Learning how the mind, body, and nervous system works
Studying the science has greatly helped me to understand why I have been so unwell and not hold blame or shame, or feeling I ‘should’ be better by now. I have also read incredibly insightful books including ‘The Body Keeps the Score’ by Bessel Van der Kolk and ‘No Bad Parts’ by Richard Schwartz on the fascinating topic of Internal Family Systems (IFS). I have done some deep work to embrace difficult emotions and welcomed aspects of myself which have long been buried or ‘exiled’ as Schwartz calls it.
Modelling how other people have recovered
There are accounts of people who have recovered fully from chronic fatigue and post-viral symptoms, highlighting how they think, and what they do to make progress. I am taking small steps forward from what I have learned, and although it will take time, I am feeling a renewed sense of hope.
Seeing clients again
I have loved opening up my diary to see clients, just a few at a time and I am very careful about giving the experience and quality of attention they have come to expect, as well as managing my health and energy levels.
Opportunities for learning
As well as being one of the most challenging periods in my life, this has been (and still is) an opportunity to re-evaluate and open up to a new level of awareness. I have enjoyed getting to know myself in my 50th year, and although it has not been at all what I expected it has been so enriching and enlightening.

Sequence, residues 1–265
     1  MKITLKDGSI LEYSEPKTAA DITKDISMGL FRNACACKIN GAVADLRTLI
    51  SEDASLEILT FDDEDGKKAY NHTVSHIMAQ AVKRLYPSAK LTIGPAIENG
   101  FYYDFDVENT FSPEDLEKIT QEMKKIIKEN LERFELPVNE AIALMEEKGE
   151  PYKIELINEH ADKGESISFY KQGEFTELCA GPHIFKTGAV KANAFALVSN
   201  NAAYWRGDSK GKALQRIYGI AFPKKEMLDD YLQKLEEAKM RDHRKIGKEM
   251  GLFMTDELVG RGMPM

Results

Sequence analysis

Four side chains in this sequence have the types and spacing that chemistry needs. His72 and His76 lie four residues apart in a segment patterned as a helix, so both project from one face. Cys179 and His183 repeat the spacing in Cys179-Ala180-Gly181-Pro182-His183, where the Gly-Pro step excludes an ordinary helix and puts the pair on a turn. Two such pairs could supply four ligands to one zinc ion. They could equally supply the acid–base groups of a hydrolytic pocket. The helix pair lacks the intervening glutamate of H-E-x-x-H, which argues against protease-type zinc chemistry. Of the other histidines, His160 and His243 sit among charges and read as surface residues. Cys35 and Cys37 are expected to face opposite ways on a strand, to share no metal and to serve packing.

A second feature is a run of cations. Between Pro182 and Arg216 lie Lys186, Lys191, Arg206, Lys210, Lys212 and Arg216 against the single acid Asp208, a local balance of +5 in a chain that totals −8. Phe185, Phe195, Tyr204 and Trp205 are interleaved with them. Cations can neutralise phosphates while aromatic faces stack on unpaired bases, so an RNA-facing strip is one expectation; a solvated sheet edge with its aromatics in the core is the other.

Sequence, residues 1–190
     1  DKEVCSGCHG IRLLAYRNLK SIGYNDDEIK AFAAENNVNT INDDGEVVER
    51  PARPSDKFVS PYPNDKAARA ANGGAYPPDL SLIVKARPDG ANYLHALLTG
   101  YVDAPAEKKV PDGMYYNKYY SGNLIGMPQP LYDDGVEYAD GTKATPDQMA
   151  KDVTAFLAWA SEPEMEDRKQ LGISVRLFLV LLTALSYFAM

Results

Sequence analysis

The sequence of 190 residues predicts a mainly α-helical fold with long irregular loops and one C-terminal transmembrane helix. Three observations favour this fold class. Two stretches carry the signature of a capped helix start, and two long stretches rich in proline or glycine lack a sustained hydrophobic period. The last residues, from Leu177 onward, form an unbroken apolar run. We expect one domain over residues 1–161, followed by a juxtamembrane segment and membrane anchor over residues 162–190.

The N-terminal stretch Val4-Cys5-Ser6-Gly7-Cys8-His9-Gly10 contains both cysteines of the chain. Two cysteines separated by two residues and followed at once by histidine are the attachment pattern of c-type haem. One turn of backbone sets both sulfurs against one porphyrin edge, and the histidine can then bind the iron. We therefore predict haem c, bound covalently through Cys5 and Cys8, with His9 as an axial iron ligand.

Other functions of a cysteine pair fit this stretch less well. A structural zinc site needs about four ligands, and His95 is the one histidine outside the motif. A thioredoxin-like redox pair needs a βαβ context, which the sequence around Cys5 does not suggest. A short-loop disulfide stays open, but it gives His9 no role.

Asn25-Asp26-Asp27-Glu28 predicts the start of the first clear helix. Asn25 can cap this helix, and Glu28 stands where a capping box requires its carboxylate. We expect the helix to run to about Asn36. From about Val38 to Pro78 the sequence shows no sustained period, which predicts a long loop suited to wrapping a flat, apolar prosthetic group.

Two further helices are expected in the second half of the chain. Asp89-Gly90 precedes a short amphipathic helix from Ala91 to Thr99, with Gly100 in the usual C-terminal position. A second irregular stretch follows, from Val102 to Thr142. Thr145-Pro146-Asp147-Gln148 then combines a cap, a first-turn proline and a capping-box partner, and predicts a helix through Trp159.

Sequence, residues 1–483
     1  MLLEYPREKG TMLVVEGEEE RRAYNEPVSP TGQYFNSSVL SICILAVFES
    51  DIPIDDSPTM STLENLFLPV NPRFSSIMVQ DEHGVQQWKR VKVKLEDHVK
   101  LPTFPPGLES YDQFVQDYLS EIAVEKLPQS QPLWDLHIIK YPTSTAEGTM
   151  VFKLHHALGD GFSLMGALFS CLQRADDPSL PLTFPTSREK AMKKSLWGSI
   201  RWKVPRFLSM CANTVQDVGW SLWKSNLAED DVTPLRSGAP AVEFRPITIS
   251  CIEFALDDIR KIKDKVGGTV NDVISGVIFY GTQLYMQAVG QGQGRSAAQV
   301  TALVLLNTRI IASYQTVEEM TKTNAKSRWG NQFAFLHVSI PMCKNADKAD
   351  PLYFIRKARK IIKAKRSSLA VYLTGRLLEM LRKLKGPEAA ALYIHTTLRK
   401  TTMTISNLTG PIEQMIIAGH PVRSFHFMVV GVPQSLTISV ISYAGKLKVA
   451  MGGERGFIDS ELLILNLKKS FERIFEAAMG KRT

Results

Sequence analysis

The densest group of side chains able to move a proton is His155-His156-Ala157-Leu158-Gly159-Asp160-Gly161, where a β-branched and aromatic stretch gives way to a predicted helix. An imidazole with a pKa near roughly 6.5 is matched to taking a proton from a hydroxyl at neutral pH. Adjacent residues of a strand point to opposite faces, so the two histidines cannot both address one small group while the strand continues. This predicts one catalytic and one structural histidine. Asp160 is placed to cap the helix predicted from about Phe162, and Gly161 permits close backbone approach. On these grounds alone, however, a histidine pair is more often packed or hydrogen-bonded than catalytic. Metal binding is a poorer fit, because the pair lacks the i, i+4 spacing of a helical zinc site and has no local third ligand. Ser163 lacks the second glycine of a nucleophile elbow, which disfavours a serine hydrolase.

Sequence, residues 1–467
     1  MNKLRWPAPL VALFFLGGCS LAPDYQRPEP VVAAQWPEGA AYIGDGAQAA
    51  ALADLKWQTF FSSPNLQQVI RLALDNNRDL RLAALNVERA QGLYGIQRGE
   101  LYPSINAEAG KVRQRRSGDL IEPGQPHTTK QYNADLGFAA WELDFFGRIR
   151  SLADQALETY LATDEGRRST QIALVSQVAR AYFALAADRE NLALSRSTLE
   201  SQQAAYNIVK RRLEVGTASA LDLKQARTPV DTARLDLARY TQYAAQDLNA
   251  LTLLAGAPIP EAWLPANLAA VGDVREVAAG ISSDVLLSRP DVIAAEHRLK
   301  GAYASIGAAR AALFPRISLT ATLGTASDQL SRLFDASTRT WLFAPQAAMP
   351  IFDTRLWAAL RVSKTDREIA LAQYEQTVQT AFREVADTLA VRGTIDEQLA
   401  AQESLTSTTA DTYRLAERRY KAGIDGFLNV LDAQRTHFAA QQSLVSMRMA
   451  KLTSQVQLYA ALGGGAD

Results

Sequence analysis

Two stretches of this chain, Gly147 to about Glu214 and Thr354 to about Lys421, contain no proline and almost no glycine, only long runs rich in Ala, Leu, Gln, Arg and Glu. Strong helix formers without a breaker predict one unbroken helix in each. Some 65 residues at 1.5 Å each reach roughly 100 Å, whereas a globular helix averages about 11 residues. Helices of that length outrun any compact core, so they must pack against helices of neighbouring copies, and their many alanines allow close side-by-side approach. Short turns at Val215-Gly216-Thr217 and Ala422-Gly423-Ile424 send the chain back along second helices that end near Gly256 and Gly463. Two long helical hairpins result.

So, there you go… I seem to have gone from being stuck for words to pouring out several hundred of them in one go! It feels good to connect in this way again, although now I am ready for a long rest!
I will be opening up for another couple of one-to-one clients in August, either for Executive Coaching or Personal Development coaching, so please feel free to book a discovery call if you think you’d like to snap up one of the slots.
In the meantime, I am wondering what this blog has opened up for you? Are you curious about your own development and the ‘silence in between’?
Au revoir for now, and I hope it won’t be too long til I am back posting again!
I stopped in my tracks as I reached the top step of the open-air restaurant.
I was captivated by the view of the warm terracotta roof tiles and palm trees framing the pale blue sky and the vast Arabian Sea, where fishermen worked for hours every day to bring in their catch.
We had just finished yoga on the beach at sunrise (Cherai Beach in Kerala, India), and I was feeling invigorated by the grace and flow from moving my body , the sounds within and around me as we chanted, and how present I felt in my body and mind. My heart was also pumping from the ride home on the bikes which Carolyn and I hired to get us back and forth from yoga.